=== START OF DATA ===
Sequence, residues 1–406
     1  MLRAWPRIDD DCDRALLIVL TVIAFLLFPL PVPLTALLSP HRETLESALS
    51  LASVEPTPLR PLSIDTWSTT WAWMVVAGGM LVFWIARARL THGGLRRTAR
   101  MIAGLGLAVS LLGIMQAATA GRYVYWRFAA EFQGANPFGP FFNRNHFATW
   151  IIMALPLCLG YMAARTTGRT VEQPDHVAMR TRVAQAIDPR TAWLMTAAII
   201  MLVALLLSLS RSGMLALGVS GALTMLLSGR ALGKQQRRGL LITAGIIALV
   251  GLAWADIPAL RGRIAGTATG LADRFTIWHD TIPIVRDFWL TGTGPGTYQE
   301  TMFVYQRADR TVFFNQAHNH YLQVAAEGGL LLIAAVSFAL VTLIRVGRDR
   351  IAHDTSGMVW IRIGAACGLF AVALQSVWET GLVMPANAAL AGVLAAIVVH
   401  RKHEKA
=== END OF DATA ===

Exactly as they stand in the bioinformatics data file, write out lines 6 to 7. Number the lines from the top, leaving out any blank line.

   201  MLVALLLSLS RSGMLALGVS GALTMLLSGR ALGKQQRRGL LITAGIIALV
   251  GLAWADIPAL RGRIAGTATG LADRFTIWHD TIPIVRDFWL TGTGPGTYQE